NBA All-Star Game 2017: Did Coaches Screw Up the Reserves?

NBA All-Star reserves were announced for the All-Star game and picks in each league left us confused. Did coaches screw up the picks in the East and West? NBA All-Star Game 2017.

Seesaw Sports debate, where Dan Salem and Todd Salem throw down on the NFL, MLB, NBA, and more, only on BuzzChomp. Two brothers from New York yell, scream, and debate sports.


Todd Salem:

Last night, the list of reserves for the NBA All-Star game were announced. This was probably one of the easiest years in recent memory for picking who was deserving of playing in the game. Counting the starters, 11 of the 12 players were going to be in. There was only really one spot up for debate in each conference. That didn’t stop the coaches from screwing it up!

In the Western Conference, there was a discussion for a final guard/wildcard spot between Mike Conley, Klay Thompson, Eric Gordon, Eric Bledsoe and Chris Paul. Paul is out injured and has missed a good chunk of time. Conley missed some time earlier in the year. Thompson was named to the team, which is fine. I would have preferred one of those two point guards or rewarding Gordon, but none of the choices were egregious.

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Then, in a surprise, the voters decided another spot was up for debate and left off the best defensive center in the league. The French Rejection, the Stifle Tower, Rudy Gobert himself was dumped in favor of someone with nearly the same game who is worse this season: DeAndre Jordan. I can get past leaving off Paul and Conley even though either one would have been deserving over Klay, but Jordan over Gobert comes down to nothing more than name recognition. They are the same player, just one is better than the other in 2016-17. The better one was not named an all-star.

In the Eastern Conference, they seemed to do the opposite, though! They didn’t settle on name recognition. The “all-star” thing to do to generate the best ratings, highlights, excitement, fun, etc. would have been to vote in Joel Embiid. And it’s not like he’s undeserving. He has been fantastic when on the court; on a per-minute basis, the argument could be made that he is the best all-around center in the NBA right now. His only knock is that his minutes are very low. And so, the coaches went elsewhere for the final spots in the East.

It seems the voting contingent has put in its own set of requirements. In order:

1. Performance obviously matters
2. Minutes/Games played
3. Popularity/Playing somewhere that isn’t Utah

Embiid crossed requirement number one but failed and fell out at number two. The same goes for those guards in the West. Gobert passed contingents one and two, but was crossed off at number three. Is this a fair process for a reward such as being named an all-star? Twenty five years from now, when comparing players from different eras, DeAndre Jordan will have at least one all-star berth, even though he’s a rim-runner and rim protector who plays in a conference with someone who did the same thing and was better.


(Photo by Mitchell Leff/Getty Images)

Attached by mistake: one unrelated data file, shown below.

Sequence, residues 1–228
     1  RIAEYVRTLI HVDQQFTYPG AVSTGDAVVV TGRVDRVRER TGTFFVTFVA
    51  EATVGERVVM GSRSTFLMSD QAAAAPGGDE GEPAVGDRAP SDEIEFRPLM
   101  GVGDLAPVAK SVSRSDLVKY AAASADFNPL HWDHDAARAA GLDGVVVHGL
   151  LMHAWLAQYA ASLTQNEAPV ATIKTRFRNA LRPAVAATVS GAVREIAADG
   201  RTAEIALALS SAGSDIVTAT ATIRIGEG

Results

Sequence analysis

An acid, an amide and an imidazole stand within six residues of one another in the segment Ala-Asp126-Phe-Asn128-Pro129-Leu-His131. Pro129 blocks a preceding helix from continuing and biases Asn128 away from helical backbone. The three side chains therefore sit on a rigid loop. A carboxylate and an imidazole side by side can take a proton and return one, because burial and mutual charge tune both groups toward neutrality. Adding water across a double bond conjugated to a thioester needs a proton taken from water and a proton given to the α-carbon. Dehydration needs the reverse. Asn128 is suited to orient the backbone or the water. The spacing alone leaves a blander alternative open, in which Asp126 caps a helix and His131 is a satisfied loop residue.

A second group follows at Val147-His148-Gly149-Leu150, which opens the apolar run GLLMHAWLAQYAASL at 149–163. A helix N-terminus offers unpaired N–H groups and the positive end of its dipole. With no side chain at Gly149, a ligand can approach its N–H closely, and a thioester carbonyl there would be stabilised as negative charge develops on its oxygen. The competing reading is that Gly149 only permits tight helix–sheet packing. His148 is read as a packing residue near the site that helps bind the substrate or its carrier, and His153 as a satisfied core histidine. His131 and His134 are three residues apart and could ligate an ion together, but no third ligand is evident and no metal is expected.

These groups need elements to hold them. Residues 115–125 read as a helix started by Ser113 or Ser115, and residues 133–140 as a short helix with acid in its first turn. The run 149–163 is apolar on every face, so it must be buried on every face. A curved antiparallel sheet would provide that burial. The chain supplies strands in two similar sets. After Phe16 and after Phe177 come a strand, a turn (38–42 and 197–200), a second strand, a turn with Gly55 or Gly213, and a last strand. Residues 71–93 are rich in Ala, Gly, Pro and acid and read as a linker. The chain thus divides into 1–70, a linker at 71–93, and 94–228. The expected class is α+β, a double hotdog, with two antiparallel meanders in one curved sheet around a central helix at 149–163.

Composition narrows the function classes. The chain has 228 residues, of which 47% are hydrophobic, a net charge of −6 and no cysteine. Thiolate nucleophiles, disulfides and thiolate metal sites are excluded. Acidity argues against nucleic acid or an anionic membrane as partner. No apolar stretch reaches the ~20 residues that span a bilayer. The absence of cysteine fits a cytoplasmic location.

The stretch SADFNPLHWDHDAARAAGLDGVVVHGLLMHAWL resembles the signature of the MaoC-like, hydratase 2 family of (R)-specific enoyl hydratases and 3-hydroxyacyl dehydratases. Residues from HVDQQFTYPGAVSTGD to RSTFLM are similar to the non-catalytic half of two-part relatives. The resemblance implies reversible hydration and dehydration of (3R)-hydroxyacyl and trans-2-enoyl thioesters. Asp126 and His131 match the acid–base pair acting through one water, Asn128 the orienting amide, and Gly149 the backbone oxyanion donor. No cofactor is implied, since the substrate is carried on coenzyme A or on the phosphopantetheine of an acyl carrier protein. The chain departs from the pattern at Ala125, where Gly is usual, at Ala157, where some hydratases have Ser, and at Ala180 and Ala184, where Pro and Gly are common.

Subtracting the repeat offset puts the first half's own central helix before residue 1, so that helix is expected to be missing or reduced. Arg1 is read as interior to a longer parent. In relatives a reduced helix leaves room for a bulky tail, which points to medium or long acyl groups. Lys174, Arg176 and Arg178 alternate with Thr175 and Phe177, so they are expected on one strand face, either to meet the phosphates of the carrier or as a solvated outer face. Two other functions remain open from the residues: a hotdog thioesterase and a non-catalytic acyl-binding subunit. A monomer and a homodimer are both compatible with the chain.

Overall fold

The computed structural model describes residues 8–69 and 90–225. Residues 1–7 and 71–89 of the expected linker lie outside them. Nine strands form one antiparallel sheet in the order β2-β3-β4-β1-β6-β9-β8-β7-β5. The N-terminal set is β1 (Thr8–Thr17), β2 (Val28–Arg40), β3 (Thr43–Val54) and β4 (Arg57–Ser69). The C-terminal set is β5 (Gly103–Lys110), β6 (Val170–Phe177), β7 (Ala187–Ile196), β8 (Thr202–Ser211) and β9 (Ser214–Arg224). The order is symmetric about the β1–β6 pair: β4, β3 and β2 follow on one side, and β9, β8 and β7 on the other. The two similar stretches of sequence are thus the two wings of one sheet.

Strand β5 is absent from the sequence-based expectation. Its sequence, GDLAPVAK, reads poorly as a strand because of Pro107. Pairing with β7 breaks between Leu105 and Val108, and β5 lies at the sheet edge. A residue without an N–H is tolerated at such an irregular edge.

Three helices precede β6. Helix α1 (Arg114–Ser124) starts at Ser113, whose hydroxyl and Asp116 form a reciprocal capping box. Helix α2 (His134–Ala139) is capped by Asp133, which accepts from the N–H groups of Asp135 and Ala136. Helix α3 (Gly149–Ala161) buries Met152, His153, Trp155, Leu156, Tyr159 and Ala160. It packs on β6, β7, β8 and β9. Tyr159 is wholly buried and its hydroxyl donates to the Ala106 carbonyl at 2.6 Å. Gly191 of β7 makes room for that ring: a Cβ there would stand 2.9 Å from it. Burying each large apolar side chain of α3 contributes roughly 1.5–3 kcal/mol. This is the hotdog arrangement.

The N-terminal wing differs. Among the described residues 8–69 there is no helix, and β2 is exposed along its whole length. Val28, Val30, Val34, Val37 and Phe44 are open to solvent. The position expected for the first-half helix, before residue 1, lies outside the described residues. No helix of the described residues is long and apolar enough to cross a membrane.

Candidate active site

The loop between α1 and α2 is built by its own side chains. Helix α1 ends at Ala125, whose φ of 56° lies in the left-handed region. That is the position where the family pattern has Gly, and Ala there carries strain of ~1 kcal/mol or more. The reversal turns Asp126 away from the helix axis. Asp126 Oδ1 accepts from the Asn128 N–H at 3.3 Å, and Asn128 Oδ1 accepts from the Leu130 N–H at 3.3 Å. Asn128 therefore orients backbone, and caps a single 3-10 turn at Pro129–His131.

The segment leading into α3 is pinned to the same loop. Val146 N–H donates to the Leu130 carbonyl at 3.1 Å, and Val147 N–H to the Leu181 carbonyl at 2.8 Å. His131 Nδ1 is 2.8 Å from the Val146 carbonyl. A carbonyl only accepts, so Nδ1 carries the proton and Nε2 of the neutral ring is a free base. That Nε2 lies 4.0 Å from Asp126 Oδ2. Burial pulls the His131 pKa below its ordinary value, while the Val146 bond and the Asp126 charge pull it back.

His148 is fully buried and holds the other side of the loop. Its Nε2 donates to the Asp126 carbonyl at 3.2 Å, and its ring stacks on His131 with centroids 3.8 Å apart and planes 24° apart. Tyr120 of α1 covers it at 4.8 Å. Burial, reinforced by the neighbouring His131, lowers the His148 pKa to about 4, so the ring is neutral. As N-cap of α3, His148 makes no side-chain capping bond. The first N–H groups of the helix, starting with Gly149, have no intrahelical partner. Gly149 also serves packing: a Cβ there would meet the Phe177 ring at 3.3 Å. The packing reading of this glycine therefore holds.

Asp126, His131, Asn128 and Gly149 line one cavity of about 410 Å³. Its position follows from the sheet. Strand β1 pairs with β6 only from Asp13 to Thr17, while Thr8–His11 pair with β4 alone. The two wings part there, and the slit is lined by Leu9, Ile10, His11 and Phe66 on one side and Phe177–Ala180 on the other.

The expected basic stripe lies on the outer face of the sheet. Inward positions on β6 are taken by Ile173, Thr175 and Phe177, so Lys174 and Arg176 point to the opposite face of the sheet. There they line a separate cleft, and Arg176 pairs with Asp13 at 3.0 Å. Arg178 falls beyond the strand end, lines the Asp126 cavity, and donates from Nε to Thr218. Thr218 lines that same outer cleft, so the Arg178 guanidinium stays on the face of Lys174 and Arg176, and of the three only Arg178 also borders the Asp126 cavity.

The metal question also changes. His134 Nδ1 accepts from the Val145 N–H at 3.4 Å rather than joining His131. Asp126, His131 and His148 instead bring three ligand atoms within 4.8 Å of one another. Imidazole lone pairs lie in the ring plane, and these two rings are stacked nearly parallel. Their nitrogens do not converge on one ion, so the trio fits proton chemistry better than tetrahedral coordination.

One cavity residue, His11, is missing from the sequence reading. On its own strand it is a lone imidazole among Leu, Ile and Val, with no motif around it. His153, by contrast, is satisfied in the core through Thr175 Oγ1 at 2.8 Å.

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Dan Salem:

I realize the NBA All-Star Game 2017 is intended to feature strictly the best players from this current basketball season, but body of work matters and it belongs on your list of ‘criteria’ used by coaches. Body of work is why I’m thrilled DeAndre Jordan is a first time NBA All-Star. He’s been an incredible defensive player for years now and a great inside scorer, yet this year he’s reached a new level of dominance. Having gone to a Clippers game earlier this season and seen Jordan in person, I can attest to his brilliance on the court. I love that he made the team.

The flip side is obviously what you stated. A better defensive player who no one is yet familiar with was left off the roster in favor of Jordan. Gobert likely becomes an All-Star in future seasons if he can continue to play at a high level. Jordan has gotten progressively better and is leading the way on the Clippers this season, one of the top teams in the West.

Personally I can not take issue with first time All-Stars. What’s intriguing to me are the players who would have made the team under the old format, but missed with our new rules. Dwyane Wade, Zaza Pachulia and Embiid all won the popular vote, but ultimately did not make the cut. I love all the East All-Star reserves, but would have loved to see Embiid as well. In the end there are fewer spots than there are deserving players. This makes the honor more coveted, which is good for the NBA.


Do you have a personal iron in the fire for the Utah Jazz? Gordon Hayward was voted in as a reserve and he plays for Utah. He’s also another first time All-Star! I suppose one Jazz player was the limit in your eyes. I’m more disappointed that Chris Paul failed to make the team. I realize he’s now injured, but he was the best player on a Clippers team that began the season as the second or third best team in the West. They held that spot until nearly Christmas. That has to count for something.


Dan Salem is Lead Editor, Staff Writer, and Featured Vlogger at BuzzChomp. He’s also a Staff Writer for NFL Spinzone, as well as an Actor, Writer, Director and Producer. Get lost in his Youtube comedy channel PillowTalk TV. Follow him on Twitter, Facebook, Google+, or Instagram.

Todd Salem is a Contributing Editor at BuzzChomp. He’s also the New York Giants Lead Writer at Pro Football Spot, a Staff Writer for NFL Spinzone, and a Featured Columnist at College Sports Madness, among others. Follow him on Twitter.



Photo Credits: The Source and For The Win – USA Today



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